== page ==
If you have taken Physics in the past or have read through our intermediate section, you will already have a very thorough understanding of kinematics and many of its equations. However, it is useful to derive these equations as they were originally derived by the Newton with the use of calculus. This is important because it will also solidify the fundamental calculus you learned earlier and it will also be good practice for when you derive other equations in other topics in physics. The earlier you have a familiarity with calculus and its use in physics, the better.

You know that velocity is the change in displacement over the change in time, and acceleration is the change in velocity over the change in time.
Now express velocity as “the change in displacement over the change in time” as a derivative and you get:

Equation 1

That shows that velocity is the derivative of displacement, and in likewise, the integral of velocity is displacement. Now apply this to acceleration and you get:

Equation 2

The derivative of velocity is the acceleration.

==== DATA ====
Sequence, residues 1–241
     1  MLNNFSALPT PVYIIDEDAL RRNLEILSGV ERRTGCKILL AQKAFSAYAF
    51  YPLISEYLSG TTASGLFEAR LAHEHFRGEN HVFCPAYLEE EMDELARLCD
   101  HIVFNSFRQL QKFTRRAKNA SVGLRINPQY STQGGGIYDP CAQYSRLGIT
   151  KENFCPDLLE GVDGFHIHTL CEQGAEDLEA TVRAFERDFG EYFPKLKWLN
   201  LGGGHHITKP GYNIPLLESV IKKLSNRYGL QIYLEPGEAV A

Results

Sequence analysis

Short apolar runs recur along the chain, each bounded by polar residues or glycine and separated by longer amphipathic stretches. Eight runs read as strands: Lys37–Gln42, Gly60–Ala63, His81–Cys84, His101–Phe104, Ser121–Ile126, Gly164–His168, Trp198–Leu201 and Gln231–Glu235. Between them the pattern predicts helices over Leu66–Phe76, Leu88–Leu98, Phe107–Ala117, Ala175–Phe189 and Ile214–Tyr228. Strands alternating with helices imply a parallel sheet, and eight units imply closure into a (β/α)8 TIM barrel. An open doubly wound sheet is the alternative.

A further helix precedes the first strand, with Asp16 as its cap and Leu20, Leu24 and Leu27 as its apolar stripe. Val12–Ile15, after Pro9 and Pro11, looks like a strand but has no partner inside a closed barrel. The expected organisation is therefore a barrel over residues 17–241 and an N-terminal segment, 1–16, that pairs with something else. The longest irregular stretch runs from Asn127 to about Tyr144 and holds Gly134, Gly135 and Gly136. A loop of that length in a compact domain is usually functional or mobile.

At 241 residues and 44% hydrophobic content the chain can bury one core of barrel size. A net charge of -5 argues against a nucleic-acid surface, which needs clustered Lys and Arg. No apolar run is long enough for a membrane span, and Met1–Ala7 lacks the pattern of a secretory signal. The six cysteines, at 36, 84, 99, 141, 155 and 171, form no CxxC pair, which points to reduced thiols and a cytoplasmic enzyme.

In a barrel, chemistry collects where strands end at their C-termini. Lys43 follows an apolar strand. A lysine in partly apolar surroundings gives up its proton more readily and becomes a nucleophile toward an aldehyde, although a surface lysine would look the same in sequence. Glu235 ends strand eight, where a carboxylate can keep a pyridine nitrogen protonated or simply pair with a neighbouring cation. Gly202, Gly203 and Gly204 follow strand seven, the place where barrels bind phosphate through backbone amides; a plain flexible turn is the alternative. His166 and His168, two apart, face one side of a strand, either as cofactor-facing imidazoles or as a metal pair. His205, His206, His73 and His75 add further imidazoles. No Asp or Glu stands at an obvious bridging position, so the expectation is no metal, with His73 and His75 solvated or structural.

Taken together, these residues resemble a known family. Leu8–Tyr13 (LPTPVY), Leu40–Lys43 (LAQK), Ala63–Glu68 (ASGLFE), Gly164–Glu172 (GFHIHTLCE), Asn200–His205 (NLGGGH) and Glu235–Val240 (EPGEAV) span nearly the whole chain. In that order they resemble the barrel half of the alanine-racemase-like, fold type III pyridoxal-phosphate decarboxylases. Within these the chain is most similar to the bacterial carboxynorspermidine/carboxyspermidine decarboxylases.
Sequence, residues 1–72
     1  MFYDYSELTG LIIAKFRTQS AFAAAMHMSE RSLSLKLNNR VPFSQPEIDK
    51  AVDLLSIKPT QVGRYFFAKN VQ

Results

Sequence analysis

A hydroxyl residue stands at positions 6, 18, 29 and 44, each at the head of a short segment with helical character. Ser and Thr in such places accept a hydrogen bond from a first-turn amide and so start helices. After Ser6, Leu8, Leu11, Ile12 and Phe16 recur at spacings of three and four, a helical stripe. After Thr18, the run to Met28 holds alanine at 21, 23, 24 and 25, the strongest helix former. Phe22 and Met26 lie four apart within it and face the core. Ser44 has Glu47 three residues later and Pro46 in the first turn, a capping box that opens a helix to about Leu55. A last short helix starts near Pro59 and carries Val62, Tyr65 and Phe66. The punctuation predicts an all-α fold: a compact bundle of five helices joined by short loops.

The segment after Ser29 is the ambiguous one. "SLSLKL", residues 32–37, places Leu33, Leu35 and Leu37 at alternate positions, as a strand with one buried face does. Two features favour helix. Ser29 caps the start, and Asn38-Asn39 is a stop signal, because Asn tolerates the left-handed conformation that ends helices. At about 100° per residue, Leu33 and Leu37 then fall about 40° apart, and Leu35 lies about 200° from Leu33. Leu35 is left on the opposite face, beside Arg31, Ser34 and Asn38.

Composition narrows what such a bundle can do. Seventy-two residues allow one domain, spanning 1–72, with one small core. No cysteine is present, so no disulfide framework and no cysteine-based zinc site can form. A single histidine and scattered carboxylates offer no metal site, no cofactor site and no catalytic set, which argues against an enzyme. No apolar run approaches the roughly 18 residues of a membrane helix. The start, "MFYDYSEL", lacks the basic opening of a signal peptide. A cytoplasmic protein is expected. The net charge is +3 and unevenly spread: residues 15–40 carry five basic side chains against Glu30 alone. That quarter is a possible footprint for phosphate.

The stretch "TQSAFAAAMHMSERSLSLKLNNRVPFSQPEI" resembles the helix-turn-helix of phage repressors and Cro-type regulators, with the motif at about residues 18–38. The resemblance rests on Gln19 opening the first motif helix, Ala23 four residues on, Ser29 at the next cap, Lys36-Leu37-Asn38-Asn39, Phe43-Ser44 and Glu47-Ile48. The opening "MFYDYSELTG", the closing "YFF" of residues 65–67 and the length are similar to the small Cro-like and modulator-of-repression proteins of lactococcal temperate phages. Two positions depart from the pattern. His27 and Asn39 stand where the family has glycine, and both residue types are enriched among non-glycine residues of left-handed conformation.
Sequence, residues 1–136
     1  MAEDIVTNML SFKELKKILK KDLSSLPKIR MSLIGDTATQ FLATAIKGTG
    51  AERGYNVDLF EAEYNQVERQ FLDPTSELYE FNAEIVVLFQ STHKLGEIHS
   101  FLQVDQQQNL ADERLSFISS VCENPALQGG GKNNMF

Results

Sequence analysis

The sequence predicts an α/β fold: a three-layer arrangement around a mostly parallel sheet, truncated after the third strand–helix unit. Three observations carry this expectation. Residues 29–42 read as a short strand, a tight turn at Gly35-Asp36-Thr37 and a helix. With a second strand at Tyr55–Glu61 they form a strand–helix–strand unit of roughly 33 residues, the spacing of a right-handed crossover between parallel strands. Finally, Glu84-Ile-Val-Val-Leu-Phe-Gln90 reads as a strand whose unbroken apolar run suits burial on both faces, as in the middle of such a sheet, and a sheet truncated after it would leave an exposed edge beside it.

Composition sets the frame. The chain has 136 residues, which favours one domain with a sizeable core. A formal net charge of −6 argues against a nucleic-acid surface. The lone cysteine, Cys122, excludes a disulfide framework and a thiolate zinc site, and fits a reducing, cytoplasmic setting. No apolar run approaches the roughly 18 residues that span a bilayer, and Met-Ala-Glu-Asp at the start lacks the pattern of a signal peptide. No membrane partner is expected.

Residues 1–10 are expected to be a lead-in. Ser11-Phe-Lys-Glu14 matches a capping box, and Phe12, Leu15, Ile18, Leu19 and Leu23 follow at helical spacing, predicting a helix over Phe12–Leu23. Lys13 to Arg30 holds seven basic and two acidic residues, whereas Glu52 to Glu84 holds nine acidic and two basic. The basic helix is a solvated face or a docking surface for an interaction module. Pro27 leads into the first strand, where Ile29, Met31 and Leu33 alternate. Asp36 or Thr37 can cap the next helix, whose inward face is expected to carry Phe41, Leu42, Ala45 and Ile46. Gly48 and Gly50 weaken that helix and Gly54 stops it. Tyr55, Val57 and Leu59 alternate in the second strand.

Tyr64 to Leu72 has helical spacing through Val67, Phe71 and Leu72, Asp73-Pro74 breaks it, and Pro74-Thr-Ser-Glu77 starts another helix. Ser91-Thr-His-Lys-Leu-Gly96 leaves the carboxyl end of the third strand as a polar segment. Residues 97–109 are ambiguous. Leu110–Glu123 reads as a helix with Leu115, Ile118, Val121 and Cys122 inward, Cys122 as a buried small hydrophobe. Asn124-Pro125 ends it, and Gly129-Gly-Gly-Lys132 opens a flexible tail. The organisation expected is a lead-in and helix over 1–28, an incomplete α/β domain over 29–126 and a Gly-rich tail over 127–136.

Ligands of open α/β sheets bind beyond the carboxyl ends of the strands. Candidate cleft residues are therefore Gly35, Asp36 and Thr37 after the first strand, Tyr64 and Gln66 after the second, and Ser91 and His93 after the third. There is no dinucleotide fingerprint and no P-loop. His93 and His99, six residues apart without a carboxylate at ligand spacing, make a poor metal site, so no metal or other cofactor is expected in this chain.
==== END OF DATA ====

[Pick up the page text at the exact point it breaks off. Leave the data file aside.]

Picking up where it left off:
Now one of the cases of motion that we dealt with heavily in the intermediate section is when acceleration is constant. We shall start with constant acceleration and move our way backwards to displacement. First, let’s find the velocity at any point in terms of the acceleration:

Equation 3

Now let’s go over what we did:
Acceleration is the derivative of velocity, as we said before.
Multiply both sides by dt.
Take the indefinite integral of both sides.
The indefinite integral of the left side leaves a constant, which is the initial velocity (v0). The indefinite integral of the right side gives us the final velocity (vf).
Now, the final velocity is based on the change in displacement over the change in time. Thus, we can similarly repeat what we did before to get the displacement:

Equation 4

Doesn’t that equation look almost like the one that was used in the intermediate section?

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